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The use of virtual patients to teach medical students history taking and communication skills

Authors
Journal
The American Journal of Surgery
0002-9610
Publisher
Elsevier
Publication Date
Volume
191
Issue
6
Identifiers
DOI: 10.1016/j.amjsurg.2006.03.002
Keywords
  • Communication Skills
  • Standardized Patients
  • Virtual Reality
  • Virtual Patients
Disciplines
  • Communication
  • Education
  • Medicine

Abstract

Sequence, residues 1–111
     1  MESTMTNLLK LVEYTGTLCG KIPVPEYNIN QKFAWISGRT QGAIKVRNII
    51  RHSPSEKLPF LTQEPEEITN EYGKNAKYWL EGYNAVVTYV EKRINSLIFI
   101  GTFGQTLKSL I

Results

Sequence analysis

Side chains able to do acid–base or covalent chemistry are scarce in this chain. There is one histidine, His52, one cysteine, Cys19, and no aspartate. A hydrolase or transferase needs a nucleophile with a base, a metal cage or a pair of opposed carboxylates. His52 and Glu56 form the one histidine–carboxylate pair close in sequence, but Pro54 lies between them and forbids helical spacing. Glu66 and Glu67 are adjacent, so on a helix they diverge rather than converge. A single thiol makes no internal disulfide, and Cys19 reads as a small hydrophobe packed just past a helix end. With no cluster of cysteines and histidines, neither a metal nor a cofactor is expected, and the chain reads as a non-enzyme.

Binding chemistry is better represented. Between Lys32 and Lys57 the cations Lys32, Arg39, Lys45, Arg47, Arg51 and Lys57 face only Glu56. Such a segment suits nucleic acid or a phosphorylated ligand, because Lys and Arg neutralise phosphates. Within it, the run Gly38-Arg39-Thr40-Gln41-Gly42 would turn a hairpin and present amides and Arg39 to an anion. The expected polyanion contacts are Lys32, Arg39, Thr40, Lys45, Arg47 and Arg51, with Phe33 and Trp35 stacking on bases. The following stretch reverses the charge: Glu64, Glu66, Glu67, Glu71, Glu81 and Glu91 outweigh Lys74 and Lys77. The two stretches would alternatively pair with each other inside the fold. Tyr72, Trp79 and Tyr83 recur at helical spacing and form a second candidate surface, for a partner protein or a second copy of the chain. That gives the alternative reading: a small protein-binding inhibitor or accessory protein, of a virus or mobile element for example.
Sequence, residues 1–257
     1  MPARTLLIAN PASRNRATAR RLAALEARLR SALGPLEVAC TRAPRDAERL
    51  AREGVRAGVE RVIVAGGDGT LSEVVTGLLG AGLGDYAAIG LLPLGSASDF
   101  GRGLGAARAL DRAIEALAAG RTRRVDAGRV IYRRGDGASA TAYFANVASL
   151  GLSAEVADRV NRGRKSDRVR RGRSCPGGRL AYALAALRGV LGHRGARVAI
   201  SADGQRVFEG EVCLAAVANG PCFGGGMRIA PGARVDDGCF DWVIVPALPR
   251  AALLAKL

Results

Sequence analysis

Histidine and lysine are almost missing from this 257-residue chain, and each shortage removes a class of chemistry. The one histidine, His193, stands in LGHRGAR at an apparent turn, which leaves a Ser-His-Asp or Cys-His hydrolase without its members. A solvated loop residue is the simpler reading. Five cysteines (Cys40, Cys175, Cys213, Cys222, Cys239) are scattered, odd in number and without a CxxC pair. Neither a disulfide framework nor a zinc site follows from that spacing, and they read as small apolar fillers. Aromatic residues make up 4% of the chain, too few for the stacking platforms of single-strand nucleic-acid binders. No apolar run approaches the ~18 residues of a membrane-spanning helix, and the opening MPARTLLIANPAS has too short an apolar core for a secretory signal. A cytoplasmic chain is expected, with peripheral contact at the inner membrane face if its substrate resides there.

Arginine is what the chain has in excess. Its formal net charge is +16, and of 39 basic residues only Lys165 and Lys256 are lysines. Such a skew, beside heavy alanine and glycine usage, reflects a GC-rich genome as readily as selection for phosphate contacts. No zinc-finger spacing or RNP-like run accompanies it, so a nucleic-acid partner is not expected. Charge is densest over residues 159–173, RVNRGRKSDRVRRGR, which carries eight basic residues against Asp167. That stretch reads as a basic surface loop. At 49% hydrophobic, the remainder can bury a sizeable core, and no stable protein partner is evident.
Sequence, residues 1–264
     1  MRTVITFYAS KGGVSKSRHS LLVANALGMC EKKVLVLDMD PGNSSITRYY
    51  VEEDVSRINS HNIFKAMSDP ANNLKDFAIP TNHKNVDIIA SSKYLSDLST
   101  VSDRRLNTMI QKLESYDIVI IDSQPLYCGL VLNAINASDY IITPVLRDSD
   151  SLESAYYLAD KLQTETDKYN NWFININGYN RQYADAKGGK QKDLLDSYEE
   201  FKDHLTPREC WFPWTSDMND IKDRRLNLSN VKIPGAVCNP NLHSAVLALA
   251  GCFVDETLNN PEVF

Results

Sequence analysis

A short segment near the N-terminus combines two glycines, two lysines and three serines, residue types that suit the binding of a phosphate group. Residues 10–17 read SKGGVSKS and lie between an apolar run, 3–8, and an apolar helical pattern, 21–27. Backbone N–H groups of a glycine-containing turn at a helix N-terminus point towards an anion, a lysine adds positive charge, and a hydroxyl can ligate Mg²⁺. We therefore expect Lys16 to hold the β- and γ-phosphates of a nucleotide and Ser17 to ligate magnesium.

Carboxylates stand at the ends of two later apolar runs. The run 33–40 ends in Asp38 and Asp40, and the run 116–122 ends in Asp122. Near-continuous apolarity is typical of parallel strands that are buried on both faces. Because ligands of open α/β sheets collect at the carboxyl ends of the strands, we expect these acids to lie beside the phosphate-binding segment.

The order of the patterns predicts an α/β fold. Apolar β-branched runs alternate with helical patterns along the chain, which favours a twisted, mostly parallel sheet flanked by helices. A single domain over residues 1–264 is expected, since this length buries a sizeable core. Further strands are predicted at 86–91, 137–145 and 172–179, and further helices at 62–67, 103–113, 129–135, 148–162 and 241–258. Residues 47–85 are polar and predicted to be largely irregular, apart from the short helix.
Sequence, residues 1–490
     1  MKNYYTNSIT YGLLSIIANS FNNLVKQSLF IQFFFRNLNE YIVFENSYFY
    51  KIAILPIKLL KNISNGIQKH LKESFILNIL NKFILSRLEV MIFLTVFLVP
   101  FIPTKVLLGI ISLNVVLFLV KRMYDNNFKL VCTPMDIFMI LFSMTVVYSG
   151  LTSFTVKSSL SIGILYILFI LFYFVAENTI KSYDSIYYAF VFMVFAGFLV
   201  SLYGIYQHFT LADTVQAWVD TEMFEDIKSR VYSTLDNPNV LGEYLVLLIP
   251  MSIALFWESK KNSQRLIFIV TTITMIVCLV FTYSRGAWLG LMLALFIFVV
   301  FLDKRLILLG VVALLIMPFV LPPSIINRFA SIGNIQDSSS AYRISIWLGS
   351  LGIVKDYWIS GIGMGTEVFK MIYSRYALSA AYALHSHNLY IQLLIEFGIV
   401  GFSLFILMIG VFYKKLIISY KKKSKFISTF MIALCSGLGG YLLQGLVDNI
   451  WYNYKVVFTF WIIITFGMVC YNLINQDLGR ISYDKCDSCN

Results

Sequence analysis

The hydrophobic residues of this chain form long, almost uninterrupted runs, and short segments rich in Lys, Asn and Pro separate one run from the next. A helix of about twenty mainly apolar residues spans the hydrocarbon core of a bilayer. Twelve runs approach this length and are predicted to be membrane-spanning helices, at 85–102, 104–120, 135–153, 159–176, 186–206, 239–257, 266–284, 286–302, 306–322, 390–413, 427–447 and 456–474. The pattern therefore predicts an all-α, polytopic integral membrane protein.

Abstract Background At most institutions, medical students learn communication skills through the use of standardized patients (SPs), but SPs are time and resource expensive. Virtual patients (VPs) may offer several advantages over SPs, but little data exist regarding the use of VPs in teaching communication skills. Therefore, we report our initial efforts to create an interactive virtual clinical scenario of a patient with acute abdominal pain to teach medical students history-taking and communication skills. Methods In the virtual scenario, a life-sized VP is projected on the wall of an examination room. Before the virtual encounter, the student reviews patient information on a handheld tablet personal computer, and they are directed to take a history and develop a differential diagnosis. The virtual system includes 2 networked personal computers (PCs), 1 data projector, 2 USB2 Web cameras to track the user’s head and hand movement, a tablet PC, and a microphone. The VP is programmed with specific answers and gestures in response to questions asked by students. The VP responses to student questions were developed by reviewing videotapes of students’ performances with real SPs. After obtaining informed consent, 20 students underwent voice recognition training followed by a videotaped VP encounter. Immediately after the virtual scenario, students completed a technology and SP questionnaire (Maastricht Simulated Patient Assessment). Results All participants had prior experience with real SPs. Initially, the VP correctly recognized approximately 60% of the student’s questions, and improving the script depth and variability of the VP responses enhanced most incorrect voice recognition. Student comments were favorable particularly related to feedback provided by the virtual instructor. The overall student rating of the virtual experience was 6.47 ± 1.63 (1 = lowest, 10 = highest) for version 1.0 and 7.22 ± 1.76 for version 2.0 (4 months later) reflecting enhanced voice recognition and other technological improvements. These overall ratings compare favorably to a 7.47 ± 1.16 student rating for real SPs. Conclusions Despite current technological limitations, virtual clinical scenarios could provide students a controllable, secure, and safe learning environment with the opportunity for extensive repetitive practice with feedback without consequence to a real or SP.

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